Increasing dissatisfaction – the bedrock of change

Kurt Lindley

by Kurt Lindley

8 May 2019

Why is dissatisfaction such a big deal in the Change Equation? Our view?  Without it we go nowhere – all other items can be in place for positive change but if we are not ‘dissatisfied’ with our now then why would we change? If the status quo is fine for us what is the need to move, shift, deviate from the current way?

What if we embrace that our role as leaders is actually to magnify the dissatisfaction around us?   

For reference the Dannemillar formula for sustainable change is (D x V x F) > R


The premise being that, successful organisational (or individual) change is only possible when the product of D, V and F, is greater than the resistance to change.

As the motivational vector within the ‘Change Equation’ the dissatisfaction level (or the desire for a shift) needs to be high in order to support any movement. The energy for ‘why’ we doing this needs to be strong…

But this vectors opposing force is ‘satisfaction’ which could be more complex than simply ‘I’m ok with everything’. It could be more like:

This opposing force may be a misguided happiness with ‘status quo’, where employees are happy with what they have and the benefit of change are not of great enough value. In this situation we may have to work harder to create a willingness for change, especially if change is important for team, department or organisational success. Even more critical if change is a necessity of survival.

Positioning change as something of value across the board, something that can have positive effects in more than one space can help. Explaining its value in the context of:

The effect on the organisation – sustainability, growth, diversification

The effect on the client – better services and return purchase

The effect on the employee – increased income, improved working environment


For those that are still struggling with the shift, invest time in understanding their measure of satisfaction. What is it about the now that they like and look to show them what the new future could be. This may then lead them to being dissatisfied with what they have currently.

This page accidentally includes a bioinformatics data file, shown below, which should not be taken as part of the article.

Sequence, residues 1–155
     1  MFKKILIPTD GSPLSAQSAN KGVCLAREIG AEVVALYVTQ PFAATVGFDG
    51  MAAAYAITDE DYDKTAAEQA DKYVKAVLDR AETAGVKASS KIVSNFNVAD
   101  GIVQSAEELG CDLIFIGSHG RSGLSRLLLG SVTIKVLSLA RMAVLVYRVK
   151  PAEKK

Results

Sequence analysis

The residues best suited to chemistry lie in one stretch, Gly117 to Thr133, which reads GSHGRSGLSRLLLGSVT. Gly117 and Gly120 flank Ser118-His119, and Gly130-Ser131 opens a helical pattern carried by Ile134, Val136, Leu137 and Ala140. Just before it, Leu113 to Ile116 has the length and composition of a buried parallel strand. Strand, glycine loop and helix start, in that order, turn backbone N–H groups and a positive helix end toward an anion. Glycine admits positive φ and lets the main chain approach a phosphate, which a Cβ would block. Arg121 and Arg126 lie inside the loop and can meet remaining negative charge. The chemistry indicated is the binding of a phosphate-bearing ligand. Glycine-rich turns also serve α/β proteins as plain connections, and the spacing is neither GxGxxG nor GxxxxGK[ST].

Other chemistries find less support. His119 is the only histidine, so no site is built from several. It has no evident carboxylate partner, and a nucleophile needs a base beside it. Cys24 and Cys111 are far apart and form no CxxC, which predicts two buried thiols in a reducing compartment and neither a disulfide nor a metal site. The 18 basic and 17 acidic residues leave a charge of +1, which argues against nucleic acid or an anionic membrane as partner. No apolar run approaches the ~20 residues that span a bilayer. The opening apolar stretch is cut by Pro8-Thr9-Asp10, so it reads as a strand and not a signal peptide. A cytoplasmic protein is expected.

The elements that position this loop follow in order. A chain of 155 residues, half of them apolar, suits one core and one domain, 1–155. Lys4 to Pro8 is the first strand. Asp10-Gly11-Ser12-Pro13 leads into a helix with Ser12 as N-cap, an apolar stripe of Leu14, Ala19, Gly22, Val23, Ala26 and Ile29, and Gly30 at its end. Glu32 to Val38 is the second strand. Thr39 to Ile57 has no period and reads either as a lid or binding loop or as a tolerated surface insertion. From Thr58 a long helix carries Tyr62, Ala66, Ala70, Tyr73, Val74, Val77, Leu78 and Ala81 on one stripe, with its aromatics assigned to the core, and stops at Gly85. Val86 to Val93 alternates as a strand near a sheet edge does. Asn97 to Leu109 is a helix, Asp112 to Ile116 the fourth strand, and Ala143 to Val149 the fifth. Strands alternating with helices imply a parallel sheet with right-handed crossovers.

General Questions you could ask of employees:

Role based questions you may ask employees:

Where you are able align your ‘change offer’ to the individuals responses.

If things are still stalling I quite like the way Boden Hanson, four time Australian Olympian rowing, three time Olympic medalist and specialist coaching consultant looks at dissatisfaction within the equation.

Boden talks about athletes (or your workforce if you like) having a ‘personal thermostat’ for satisfaction. Some athletes will set their thermostat extremely high and will not be happy with anything less than their best performance. Where others may have their setting quite low. It is in these cases where the coach (or manager) has to increase the thermostat stetting so that athletes (your workforce) can aspire to a higher level of performance. Some steps toward this include:

  1. Identifying what your athlete (workforce) thermostat setting is (high or low)
  2. Establishing what the future good looks like (new expectations of performance)
  3. Magnify the level of personal dissatisfaction with current performance (compare the now with the future)

The idea being to open employees up to wider possibilities of personal performance (personal excellence)

Perhaps a great question to really understand the Dissatisfaction you and others are feeling is to ask ‘Whats your personal thermostat reading?’

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